Edsall Must Change On Field And Off In Maryland Future

December 01, 2011 | Glenn Clark


As Drew Forrester has said here at WNST.net, Randy Edsall is going to be the football coach at the University of Maryland in 2012.

The #FIREEDSALL trend on Twitter is certainly alive and John Feinstein absolutely shredded the coach this week in the Washington Post, but neither will have an effect on his job status.

Despite a 2-10 record in Edsall’s first season with the Terrapins, Athletic Director Kevin Anderson has every intention to stick with the man he hired after firing 10 year head coach and Maryland alum Ralph Friedgen nearly a year ago.

He’ll be doing that for a few reasons.

The first of those reasons is because no one is fairly considering how significant a role injuries played in the team’s downfall. The team was decimated by injuries throughout the season, forcing defensive coordinator Todd Bradford to turn to a number of redshirt and even true freshmen throughout the season. Competing for an ACC Championship was a tough task to begin with, but nearly impossible as injuries mounted.

It of course doesn’t forgive the nature of how the team finished with just one win over an opponent at the FBS level (their season opening Labor Day victory over a depleted Miami squad), but it has to be considered.

Another of the reasons why Edsall will return is well known. Maryland is in a LOT of financial trouble at the moment. The athletic department is on the verge of cutting eight varsity teams due to financial issues and has admitted that the football program must generate more money to sustain the 17 programs that will remain. With Edsall only one year into a six year deal worth $12 million, Maryland does not have the financial ability to get out from under such a costly deal.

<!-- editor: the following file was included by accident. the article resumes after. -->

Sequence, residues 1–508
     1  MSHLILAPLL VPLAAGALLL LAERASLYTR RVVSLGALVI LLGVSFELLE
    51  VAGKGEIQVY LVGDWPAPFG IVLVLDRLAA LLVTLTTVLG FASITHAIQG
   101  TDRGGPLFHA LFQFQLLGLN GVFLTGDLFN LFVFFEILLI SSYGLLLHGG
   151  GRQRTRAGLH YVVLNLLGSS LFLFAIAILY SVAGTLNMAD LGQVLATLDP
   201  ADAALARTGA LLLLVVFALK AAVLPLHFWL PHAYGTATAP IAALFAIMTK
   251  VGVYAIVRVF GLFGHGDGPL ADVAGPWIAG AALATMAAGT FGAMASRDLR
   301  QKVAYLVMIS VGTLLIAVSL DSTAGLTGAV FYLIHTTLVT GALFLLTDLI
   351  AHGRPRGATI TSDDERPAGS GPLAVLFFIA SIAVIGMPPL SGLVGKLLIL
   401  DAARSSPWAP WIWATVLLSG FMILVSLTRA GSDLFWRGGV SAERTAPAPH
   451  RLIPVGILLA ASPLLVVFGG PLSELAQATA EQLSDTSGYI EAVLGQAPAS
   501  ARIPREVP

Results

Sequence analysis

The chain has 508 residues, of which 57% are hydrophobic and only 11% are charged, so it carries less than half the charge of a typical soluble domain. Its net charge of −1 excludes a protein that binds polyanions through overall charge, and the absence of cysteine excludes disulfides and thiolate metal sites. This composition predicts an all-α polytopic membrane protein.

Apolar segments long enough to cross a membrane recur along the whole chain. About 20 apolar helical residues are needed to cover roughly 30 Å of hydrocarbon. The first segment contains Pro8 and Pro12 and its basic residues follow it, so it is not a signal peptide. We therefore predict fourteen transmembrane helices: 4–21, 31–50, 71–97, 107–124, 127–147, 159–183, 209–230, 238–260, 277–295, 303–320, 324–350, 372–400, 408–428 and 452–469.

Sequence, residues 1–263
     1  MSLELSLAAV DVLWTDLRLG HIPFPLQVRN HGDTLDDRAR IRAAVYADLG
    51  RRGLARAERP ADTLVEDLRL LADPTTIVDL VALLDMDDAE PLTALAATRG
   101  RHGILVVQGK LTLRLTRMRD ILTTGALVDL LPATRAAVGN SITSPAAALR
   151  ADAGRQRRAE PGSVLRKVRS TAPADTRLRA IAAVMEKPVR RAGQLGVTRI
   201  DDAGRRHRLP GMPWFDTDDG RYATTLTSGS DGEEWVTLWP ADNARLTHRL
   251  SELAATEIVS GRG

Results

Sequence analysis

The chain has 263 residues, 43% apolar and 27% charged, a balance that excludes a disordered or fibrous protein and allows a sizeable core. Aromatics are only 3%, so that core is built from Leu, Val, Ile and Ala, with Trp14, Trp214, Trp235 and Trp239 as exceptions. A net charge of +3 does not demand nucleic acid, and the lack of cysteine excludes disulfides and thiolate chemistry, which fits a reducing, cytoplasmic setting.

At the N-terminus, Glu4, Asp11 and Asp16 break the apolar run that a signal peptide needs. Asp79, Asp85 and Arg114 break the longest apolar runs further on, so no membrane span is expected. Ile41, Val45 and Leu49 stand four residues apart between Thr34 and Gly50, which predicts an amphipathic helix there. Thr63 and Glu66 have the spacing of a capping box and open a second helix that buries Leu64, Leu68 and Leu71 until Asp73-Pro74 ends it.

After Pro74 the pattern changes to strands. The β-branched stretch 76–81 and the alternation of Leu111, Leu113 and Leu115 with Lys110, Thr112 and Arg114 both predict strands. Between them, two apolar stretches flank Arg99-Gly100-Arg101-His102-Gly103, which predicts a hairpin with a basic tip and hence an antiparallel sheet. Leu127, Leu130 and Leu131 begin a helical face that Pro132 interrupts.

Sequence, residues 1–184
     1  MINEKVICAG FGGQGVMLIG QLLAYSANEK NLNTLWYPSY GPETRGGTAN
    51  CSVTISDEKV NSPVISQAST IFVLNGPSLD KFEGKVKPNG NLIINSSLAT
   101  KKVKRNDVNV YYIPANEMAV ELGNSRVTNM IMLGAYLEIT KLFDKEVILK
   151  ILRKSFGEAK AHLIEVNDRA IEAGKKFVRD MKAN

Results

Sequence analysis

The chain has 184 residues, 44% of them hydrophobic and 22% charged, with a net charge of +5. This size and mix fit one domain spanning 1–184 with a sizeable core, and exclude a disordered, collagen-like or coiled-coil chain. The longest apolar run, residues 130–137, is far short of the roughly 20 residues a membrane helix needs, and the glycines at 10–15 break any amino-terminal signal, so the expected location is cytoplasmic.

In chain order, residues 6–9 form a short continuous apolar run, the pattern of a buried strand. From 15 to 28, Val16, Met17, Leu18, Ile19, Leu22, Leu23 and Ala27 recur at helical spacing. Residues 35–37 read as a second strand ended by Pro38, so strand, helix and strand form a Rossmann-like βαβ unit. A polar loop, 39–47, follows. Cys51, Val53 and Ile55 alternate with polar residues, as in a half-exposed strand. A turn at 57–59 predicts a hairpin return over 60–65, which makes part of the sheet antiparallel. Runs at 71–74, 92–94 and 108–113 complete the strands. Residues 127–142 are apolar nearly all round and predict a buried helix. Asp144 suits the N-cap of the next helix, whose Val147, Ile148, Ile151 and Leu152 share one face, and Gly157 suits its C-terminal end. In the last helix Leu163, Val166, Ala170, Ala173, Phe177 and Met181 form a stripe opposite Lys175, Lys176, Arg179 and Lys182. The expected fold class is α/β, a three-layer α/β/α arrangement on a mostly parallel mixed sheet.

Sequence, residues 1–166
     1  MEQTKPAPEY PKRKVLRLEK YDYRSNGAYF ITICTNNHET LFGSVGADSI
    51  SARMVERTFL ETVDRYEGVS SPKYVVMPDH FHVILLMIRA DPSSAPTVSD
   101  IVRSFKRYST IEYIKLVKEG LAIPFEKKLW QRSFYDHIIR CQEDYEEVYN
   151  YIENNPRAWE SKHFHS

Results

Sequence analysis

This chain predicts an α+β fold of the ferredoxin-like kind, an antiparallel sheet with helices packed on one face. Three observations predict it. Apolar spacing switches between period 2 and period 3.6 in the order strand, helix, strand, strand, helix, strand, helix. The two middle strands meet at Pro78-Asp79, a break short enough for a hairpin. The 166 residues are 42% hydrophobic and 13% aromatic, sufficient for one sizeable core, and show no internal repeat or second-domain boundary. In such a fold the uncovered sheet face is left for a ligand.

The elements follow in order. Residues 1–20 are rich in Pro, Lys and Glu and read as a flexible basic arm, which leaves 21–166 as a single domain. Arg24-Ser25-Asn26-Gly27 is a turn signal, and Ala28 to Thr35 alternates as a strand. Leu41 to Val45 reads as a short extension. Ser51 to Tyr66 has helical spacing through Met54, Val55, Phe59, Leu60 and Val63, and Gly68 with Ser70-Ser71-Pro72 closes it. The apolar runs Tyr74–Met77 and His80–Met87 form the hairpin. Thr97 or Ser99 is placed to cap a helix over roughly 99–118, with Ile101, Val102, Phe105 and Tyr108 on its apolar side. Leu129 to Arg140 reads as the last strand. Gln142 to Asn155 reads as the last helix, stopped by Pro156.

The notion that Under Armour CEO/Maryland alum Kevin Plank could pony up the $10 million necessary to buy out Edsall is preposterous. Plank has become one of the most successful businessmen on the face of the planet buy making good decisions. Giving away $10 million wouldn’t qualify as such a thing.

(Just to inject here. There have been some rumors that Edsall would be a candidate for the Jacksonville Jaguars opening after the team fired Jack Del Rio. I think we can move on from those rumors about as quickly as they appeared.)

But money and injuries are not the only reasons why Randy Edsall will remain as the school’s football coach. The more significant reason why Edsall will not be let go by the school is because coaches who receive six year deals just aren’t dismissed after one season.

When Anderson hired Edsall away from the University of Connecticut, he absolutely did not tell him “if you leave the Huskies, you’ll have one year to make things work in College Park.”

Had Anderson done such a thing, Edsall’s response would have been something along the lines of “I would never leave UConn. UConn is my dream job.”

It’s safe to say that when hiring Edsall, Anderson made it clear the former Connecticut coach would be able to build his program as necessary, despite the success the team celebrated (nine wins including a Military Bowl victory, ACC Rookie of the Year in QB Danny O’Brien) the season before his arrival.

As Jeff Jacobs of the Hartford Courant pointed out this week, there were reasons to believe Edsall’s reputation in Storrs exceeded his actual accomplishments. During an appearance on “The Reality Check” Wednesday on AM1570 WNST.net, Jacobs referred to something he had written in January just after Edsall’s departure from the area…

There was something unnervingly self-serving in Randy Edsall’s words in the month leading up to his BCS Bowl spanking. As he talked about all the milestones the program has reached since the days of working out of the trailers, Edsall wondered if there were any more notches in the belt he could cut at UConn.

The answer to Edsall’s question about notches in the belt, of course, was there were plenty left. And we’re not talking pie-in-the-sky national title. For starters, how about an outright Big East championship? Or how about getting to a BCS Bowl game where you aren’t automatically penciled in as a hopeless underdog the moment you qualify for it.”